ORONO, Maine — A group of eight University of Maine students took 10th place out of 29 teams at last weekend’s national Chem-E-Car competition in Philadelphia.
The competition pits university teams against each other as they test self-designed and constructed, chemically powered vehicles, which must be built within certain size constraints and must be able to carry a specified cargo. The winner was determined by a combined score that includes points for traveling the correct distance and for creativity.
In this year’s event, students’ models had to transport 250 milliliters of water 60 feet. Each team was given two chances to run their cars with the final score being their best attempt at meeting the established distance. UM’s vehicle was about 24 inches long, 12 inches wide and 10 inches tall.
The UM model ran on a proton exchange membrane hydrogen fuel cell, which consists of 15 membranes separated by graphite plates. The hydrogen gas reacts with oxygen from the air to power the motor. The team’s best finish was 39.5 inches from the finish line.
“We feel that UMaine had a good showing,” UM junior and team leader Thomas Schwartz said in a release. “We experienced a few setbacks at the competition and feel that we overcame them to the best of our ability.”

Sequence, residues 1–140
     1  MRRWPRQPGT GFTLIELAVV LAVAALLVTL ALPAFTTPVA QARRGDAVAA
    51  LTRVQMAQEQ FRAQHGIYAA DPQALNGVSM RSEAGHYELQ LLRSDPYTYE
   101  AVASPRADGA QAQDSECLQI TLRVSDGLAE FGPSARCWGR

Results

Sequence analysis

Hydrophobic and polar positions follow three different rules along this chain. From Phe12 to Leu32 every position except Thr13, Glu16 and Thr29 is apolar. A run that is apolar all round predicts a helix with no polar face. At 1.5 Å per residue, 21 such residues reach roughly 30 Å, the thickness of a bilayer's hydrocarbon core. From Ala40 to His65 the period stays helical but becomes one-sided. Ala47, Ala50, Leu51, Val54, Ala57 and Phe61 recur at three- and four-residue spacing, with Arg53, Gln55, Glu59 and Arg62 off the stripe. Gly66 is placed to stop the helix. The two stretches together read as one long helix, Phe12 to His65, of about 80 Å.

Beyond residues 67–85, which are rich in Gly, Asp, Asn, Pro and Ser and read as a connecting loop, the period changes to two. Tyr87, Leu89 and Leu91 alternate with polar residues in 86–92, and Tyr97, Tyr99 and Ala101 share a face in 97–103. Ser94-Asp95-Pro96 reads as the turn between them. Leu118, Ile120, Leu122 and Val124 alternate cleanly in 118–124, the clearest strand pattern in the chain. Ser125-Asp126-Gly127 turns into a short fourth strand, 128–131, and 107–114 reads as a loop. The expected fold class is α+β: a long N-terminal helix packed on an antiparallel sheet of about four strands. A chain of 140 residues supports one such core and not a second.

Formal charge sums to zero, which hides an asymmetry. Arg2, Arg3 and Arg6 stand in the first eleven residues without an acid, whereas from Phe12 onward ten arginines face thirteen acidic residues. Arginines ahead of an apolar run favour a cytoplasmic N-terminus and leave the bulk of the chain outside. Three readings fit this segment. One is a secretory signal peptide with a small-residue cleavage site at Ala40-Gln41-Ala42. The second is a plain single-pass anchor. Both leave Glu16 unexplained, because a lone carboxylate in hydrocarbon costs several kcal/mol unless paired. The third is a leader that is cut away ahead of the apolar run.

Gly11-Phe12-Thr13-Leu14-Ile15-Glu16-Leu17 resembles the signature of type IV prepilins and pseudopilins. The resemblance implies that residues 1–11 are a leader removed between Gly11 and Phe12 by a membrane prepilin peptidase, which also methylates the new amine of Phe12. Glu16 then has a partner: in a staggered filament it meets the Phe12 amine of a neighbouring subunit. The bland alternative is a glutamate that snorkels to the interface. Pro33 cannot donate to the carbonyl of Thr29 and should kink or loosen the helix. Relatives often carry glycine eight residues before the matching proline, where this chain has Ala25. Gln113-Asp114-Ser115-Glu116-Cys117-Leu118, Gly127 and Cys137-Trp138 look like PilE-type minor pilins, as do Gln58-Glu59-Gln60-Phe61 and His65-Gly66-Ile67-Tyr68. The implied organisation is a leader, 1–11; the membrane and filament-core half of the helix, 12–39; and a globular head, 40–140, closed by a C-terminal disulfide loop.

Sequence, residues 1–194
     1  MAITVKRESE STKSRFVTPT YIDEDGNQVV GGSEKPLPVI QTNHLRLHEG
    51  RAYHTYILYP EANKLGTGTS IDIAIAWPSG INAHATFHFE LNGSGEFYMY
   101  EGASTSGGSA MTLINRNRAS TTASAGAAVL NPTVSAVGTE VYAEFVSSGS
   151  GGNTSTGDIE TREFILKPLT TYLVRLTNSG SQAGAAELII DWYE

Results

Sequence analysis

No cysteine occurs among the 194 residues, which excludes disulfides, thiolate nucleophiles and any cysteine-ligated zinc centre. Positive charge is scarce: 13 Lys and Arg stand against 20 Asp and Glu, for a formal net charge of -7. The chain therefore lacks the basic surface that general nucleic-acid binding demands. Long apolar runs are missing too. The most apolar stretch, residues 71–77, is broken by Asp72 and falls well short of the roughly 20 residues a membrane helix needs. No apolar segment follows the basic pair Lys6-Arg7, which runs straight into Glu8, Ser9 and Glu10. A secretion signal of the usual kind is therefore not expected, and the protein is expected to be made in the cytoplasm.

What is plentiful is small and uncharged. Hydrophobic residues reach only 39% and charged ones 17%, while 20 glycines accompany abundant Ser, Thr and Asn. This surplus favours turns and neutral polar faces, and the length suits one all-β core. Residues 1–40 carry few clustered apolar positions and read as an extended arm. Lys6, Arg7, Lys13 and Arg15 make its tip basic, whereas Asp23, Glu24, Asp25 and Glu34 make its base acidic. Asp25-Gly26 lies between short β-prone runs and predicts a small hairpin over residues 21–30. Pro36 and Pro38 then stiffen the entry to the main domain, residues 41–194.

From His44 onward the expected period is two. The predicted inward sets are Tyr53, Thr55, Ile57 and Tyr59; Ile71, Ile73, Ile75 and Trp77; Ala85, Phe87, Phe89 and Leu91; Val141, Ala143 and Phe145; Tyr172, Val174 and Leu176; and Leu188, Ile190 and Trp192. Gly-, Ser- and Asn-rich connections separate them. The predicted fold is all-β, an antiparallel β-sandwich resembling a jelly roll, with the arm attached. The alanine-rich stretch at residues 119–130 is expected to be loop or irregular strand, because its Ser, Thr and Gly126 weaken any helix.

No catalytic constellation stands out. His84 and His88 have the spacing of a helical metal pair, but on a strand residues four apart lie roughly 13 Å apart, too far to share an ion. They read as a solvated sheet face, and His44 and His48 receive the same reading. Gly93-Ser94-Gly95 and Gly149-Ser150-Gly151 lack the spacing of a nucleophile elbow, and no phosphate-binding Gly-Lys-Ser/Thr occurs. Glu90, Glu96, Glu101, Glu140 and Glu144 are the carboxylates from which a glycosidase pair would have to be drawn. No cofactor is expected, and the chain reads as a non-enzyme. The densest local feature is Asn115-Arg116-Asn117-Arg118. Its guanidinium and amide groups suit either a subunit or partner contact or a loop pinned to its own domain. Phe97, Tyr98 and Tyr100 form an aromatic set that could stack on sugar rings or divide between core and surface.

Cornell University won the competition, finishing zero inches from the line with a car powered by a hydrogen fuel cell. First prize was $2,000. Louisiana State University was second (10.5 inches from the line) with a citric acid and sodium carbonate-powered car and Texas A&M, which used a method in which chemicals make hydrogen gas, was third (11.5 inches).
The UMaine team qualified for the competition when it took first place last April in the Northeast Regional Competition at Massachusetts Institute of Technology. The team was originally made up of 14 members who started the project last spring. Six students graduated, and the remaining team continued the work in September.
The team members are sophomores Mathew Pagurko and Jeffrey Galle; juniors Mike Subila II, Ian Hamilton, Schwartz and Gregory Worster; and seniors Jessica Englehart and Sarah Hodgins.
UMaine was the only team from New England.
The Chem-E-Car competition is sponsored by the American Institute of Chemical Engineers.